(recommended for ages 5 and up)


The Best Christmas Pageant Everby Barbara Robinson

This book is a bit different in that it's primarily a funny, zany adventure of a bunch of out-of-control kids who wreak havoc on a church Christmas production. My kids are scandalously amused at the Herdman family and all they find to say and do.  The tears don't come until the last chapter and the feelings they bring might take you by surprise. We read this aloud every year, even though we can practically quote entire passages.

(recommended for listeners ages 5 and up)

Sunday, November 30, 2014

Gathering the {November} Moments

The beginning of November was calm-- so peaceful and uneventful that I wondered if we were forgetting something.  Aside from the kids' weekly gym class and regular runs to the library and grocery store, our days never ventured beyond school, laundry, and keeping the bathroom clean.

We celebrated my sister's 21st birthday at a family dinner with soup and sliders.  Nothing boring about that but we had no responsibility beyond showing up.  I didn't even have to stress about a gift because we had purchased something we knew she'd love on sale back in the summer.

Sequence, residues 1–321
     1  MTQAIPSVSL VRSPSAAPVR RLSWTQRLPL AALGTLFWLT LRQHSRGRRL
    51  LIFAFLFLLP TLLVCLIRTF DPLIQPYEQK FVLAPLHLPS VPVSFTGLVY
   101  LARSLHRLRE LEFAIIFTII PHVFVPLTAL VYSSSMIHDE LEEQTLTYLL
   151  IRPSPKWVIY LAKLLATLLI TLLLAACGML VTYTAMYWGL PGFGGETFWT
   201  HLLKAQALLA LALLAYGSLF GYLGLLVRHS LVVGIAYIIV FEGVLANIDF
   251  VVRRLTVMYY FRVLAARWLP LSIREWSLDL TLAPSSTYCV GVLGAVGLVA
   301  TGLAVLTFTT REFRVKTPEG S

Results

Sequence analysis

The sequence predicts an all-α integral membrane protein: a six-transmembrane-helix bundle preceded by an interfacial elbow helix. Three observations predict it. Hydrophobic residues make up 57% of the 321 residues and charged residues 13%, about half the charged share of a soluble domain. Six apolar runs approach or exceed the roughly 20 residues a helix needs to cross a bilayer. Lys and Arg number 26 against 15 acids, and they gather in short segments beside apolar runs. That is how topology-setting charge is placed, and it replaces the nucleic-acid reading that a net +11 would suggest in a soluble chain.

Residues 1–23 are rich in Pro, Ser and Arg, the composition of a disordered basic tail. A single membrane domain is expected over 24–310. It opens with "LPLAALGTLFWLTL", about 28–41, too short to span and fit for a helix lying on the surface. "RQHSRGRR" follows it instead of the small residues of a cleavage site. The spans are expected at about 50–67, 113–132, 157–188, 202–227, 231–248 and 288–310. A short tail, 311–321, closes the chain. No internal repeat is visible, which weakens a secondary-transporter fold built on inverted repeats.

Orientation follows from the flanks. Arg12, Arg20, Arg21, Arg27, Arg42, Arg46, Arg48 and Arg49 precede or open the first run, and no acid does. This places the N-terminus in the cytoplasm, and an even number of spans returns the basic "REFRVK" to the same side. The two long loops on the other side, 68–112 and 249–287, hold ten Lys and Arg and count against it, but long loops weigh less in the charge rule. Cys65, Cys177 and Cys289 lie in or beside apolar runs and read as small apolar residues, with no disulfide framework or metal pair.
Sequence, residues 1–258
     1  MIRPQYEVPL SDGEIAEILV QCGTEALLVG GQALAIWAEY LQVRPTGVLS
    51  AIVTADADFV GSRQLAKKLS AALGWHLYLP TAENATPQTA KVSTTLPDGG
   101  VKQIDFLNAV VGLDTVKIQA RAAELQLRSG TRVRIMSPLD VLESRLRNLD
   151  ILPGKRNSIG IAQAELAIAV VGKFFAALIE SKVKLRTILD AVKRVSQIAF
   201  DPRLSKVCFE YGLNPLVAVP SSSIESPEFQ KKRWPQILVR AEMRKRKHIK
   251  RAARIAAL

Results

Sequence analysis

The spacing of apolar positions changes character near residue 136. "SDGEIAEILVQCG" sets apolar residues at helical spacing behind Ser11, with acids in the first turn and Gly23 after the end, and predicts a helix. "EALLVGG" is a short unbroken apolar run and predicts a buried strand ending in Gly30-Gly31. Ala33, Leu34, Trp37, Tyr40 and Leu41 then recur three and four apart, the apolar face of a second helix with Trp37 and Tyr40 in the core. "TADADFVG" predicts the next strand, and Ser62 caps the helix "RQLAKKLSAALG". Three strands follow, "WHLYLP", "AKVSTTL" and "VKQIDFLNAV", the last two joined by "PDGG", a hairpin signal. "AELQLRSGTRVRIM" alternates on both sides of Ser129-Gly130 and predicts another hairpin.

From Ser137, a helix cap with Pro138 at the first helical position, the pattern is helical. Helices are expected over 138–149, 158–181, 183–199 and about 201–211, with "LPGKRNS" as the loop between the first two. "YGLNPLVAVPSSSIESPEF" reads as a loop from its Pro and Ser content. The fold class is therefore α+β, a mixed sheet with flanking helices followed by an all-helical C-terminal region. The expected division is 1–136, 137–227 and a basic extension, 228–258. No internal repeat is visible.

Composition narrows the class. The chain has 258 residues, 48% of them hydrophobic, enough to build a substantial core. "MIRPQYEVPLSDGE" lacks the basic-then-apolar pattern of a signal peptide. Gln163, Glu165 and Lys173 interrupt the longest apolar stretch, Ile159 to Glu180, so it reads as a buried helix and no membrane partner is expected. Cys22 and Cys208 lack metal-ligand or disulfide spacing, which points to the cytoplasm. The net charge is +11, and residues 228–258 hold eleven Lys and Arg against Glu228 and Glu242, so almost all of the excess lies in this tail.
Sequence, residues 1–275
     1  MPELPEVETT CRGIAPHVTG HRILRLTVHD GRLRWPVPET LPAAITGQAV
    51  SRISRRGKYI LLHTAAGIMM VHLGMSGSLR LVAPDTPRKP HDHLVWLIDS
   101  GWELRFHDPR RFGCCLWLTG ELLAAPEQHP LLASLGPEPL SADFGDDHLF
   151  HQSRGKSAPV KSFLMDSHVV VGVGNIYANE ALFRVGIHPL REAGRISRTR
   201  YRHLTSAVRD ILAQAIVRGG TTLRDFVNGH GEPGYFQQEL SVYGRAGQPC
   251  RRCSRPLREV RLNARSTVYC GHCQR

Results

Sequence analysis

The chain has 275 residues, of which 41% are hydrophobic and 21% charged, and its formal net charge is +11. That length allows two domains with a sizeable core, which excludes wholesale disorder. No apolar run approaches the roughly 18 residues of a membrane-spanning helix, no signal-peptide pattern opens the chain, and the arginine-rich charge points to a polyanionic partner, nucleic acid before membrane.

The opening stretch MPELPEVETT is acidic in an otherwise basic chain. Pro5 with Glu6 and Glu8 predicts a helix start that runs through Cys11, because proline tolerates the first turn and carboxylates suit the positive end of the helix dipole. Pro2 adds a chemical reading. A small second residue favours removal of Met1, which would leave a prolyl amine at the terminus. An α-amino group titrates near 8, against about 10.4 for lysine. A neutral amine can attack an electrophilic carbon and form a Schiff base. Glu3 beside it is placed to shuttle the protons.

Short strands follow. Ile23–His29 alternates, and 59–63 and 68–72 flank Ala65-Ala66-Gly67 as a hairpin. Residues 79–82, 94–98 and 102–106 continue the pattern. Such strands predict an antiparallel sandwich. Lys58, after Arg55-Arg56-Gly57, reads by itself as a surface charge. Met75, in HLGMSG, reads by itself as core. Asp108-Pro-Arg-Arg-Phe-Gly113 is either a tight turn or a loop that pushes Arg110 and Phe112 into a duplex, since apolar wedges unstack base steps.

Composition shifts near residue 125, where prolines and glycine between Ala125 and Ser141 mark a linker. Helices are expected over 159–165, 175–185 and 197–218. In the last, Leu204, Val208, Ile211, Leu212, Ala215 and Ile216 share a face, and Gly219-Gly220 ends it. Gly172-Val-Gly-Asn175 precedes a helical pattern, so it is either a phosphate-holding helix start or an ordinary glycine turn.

The extra hours at home afforded Owen some time in the kitchen.  He made his first batch of boiled cookies, a family recipe, ensuring that the recipe will be carried into the next generation.  He also made a batch of "acorn" cookies, an idea he found in  a cookbook he picked up at the library.

We set aside a chilly weekend to do a bit of trimming, yard clean up, and burning. 

Regardless of its primary purpose, you can't have a fire without marshmallows.  I love my marshmallows charred black.  Consequently, I ate more marshmallows than anyone else because in the kids' effort to get their marshmallows the  perfect light brown shade, they caught many on fire and passed them along to me.

In mid-November, a  virus hit a few of the kids with sniffly noses, sore throats and a cough, but it was nothing a little rest couldn't cure.